Le Corbusier made these remarks in an interview in 1962. He viewed himself primarily as a plastic artist. In creative work he made no distinction between painting, sculpture and architecture – which he viewed as a single whole. “I paint pictures that are by nature sculptures,” he claimed.
In the winter of 1966, the Museum of Decorative Arts and Design in Oslo presented a major exhibition about Le Corbusier – a commemoration of the architect just a few months after his death. For this, the curator and architect Robert Esdaile built an exhibition pavilion within the museum as a setting for reproductions of architectural models, sculptures and paintings. It was time the Norwegian public opened its eyes to Le Corbusier’s varied production! Esdaile had also purchased ten original lithographs from the last years of Le Corbusier’s life. These would become highlights of this commemorative exhibition.
For the first time since 1966, those artworks are on show again. In “Le Corbusier – Lithography”, the National Museum expands its focus on the links between Le Corbusier’s architecture and visual art. Whereas “Le Corbusier by the Sea” at Villa Stenersen presents works from the 1930s, this exhibition concentrates on the 1950s and 60s. Similar curved shapes crop up repeatedly in Le Corbusier’s work during this period – in his architecture, sculptures, paintings and lithographs.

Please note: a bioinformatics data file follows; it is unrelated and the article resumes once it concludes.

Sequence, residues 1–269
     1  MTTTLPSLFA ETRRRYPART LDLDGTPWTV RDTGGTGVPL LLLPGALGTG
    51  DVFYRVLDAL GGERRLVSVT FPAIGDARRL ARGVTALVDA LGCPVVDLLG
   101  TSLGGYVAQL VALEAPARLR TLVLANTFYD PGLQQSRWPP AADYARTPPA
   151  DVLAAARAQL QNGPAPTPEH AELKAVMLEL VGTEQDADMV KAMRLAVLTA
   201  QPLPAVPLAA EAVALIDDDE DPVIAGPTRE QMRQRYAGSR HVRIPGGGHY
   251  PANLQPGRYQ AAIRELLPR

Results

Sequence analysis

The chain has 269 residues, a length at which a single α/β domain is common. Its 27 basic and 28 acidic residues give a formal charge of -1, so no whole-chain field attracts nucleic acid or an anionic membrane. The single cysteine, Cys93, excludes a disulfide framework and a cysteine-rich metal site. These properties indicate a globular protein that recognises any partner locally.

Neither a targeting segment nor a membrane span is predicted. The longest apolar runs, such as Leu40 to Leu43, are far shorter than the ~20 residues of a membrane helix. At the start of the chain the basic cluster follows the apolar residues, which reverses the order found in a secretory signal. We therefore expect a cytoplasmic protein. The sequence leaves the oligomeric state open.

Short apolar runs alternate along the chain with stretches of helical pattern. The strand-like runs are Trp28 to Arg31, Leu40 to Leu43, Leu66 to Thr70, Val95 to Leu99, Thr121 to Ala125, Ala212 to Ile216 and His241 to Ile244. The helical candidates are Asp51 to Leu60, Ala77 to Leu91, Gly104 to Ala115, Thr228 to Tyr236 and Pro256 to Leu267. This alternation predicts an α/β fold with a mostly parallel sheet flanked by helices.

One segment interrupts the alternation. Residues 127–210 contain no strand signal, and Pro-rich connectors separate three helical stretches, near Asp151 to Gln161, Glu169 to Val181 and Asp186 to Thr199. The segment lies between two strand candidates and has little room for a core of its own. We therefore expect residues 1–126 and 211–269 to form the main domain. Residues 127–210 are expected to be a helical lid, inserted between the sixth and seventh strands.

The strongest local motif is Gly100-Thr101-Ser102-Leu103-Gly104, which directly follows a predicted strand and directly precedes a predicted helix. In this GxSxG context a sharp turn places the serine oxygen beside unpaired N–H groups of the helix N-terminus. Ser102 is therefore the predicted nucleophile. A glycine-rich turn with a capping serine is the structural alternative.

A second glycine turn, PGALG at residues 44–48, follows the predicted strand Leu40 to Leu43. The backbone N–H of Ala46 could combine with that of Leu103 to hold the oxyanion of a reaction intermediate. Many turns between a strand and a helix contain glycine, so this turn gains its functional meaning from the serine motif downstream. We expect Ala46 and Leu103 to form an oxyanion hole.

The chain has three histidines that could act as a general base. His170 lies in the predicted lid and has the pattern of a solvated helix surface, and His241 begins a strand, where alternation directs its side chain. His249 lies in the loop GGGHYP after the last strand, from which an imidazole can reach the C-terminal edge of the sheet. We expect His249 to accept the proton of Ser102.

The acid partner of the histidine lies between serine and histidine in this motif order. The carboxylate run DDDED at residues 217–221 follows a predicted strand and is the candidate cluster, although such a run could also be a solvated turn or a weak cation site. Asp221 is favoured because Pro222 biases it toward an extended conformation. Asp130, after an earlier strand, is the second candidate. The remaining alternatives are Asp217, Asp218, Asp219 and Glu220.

In 1955, the international architectural community was shocked by the sculptural and so-called irrational forms of the chapel that Le Corbusier unveiled at Ronchamp. Here that building is seen through the “eyes” of Norwegian architects, with photographs from the collection and press reviews from the time. The lithographs from the commemorative exhibition in Oslo are displayed alongside documentary materials from that event.
The lithographs are on loan from the art collection of the City of Oslo. For the occasion of the exhibition the works have recently been conserved.